– When I was in Brussels, I lost track of the times I heard the European Commission express in all of sincerity that the EU was the reason that European nations weren’t still at war with one another. No! No! And no! The reason for the longest period of piece that we have had for millennia is globalisation, and the EU is a by-product of that globalisation. Not the other way round.


– Strength in numbers. It’s true that we are a small nation – the sun does now set on our noble Empire. So it’s nice to buddy-up to our European partners from time to time.

– We have more representation in Europe than people often realise. Although there is this huge gulf of democratic unaccountability – in the sense that we haven’t actually voted in most of the people that are making decisions for us – we do have a permanent representation to the EU and they are a pretty active bunch.

– Free movement of labour and free movement of trade – these are concepts I hold dear. I am, after all, a migrant worker. I wouldn’t particularly like it if Hong Kong suddenly chose to shut its door on my kind. And I like to think that I am contributing to their society – through tax and being a damn fine pillar of.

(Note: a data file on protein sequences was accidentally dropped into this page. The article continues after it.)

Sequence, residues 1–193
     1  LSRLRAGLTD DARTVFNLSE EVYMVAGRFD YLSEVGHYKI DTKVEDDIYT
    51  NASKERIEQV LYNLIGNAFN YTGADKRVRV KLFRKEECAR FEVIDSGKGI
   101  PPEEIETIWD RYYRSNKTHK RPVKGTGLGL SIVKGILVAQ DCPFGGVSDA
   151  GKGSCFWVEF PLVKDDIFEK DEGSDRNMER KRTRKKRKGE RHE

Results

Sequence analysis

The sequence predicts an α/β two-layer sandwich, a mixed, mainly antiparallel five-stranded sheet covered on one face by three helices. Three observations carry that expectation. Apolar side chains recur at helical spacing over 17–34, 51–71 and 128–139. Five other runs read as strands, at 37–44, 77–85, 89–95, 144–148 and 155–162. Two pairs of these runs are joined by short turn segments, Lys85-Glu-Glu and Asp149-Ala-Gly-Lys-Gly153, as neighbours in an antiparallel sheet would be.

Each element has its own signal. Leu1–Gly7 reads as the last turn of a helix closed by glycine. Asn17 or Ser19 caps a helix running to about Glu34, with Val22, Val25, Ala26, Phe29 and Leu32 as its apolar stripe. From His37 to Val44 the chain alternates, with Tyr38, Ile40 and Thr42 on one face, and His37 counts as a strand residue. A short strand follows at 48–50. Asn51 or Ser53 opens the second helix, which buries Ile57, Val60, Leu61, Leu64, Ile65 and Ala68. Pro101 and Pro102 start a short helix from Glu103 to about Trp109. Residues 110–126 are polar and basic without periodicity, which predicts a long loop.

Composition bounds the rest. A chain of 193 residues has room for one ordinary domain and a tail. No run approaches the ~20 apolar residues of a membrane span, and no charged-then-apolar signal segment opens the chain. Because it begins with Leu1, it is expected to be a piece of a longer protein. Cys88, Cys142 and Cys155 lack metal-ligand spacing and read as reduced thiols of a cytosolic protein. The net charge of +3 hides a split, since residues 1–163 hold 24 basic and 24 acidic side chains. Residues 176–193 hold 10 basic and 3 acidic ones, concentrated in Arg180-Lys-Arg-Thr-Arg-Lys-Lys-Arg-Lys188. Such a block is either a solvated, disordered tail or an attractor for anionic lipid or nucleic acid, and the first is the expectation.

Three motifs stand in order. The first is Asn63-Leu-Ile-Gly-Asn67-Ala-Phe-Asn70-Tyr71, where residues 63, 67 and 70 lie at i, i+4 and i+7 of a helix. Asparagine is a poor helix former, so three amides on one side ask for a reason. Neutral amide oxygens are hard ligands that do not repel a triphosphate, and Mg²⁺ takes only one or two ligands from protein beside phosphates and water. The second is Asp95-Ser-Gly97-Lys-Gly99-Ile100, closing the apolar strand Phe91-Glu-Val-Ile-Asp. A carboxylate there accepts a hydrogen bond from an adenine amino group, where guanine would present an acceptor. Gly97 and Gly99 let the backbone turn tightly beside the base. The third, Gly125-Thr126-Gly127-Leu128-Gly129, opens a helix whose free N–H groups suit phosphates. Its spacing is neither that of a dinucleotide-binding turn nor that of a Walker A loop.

– We’ve pissed our European neighbours off a fair bit recently, by being so obstreperous. How about we now start to make amends?

– However you look at things it’s going to be expensive. Contracts will need to be renegotiated or updated, business deals will need to be done on a different footing, some firms may even decide to relocate. If you’re a lawyer, now is probably the time to cash in.

– What is going to happen if we leave? No one really knows. If we stay, there’s almost certainly going to be a relentless march towards greater federalism. And so perhaps that is what everyone needs. Better the devil you know, eh?

But, whatever the outcome of the referendum of June 23, it probably doesn’t matter as much as people think it does. If we stay, we carry on pretty much as before, with maybe a tiny bit more acceleration towards federalism. If we leave, well, it honestly isn’t going to be the end 0f the world that everyone is predicting. Do people honestly think that, after her initial hissy fit, Europe won’t want to engage with us?

Maybe I’ll just tick both boxes and let fate decide.


Defending colonialism

April 7, 2016

Defending colonialism is a difficult thing to do. But no matter where I travel in the world it seems that people want to extol the virtues of the legacy that we – meaning us noble Europeans – left behind.

As a Brit whose forefathers helped conquer much of the world, any defence of what we might have achieved sounds painfully shrill against the historical memories of all that blood that was spilled.

And yet still people – mainly the natives of these countries that we conquered – are prepared to justify what we did in the name of progress.

We gave these uncivilised barbarians human rights, the rule of law, capitalism, electricity. And on the list goes.

Nowhere does the defence of European colonialism seem more obvious than in Hong Kong.

My Cantonese teacher – a flamboyant fellow with a deep dislike of the mainland Chinese – likes to thank and blame the British, in equal measure, for what they have done for the territory.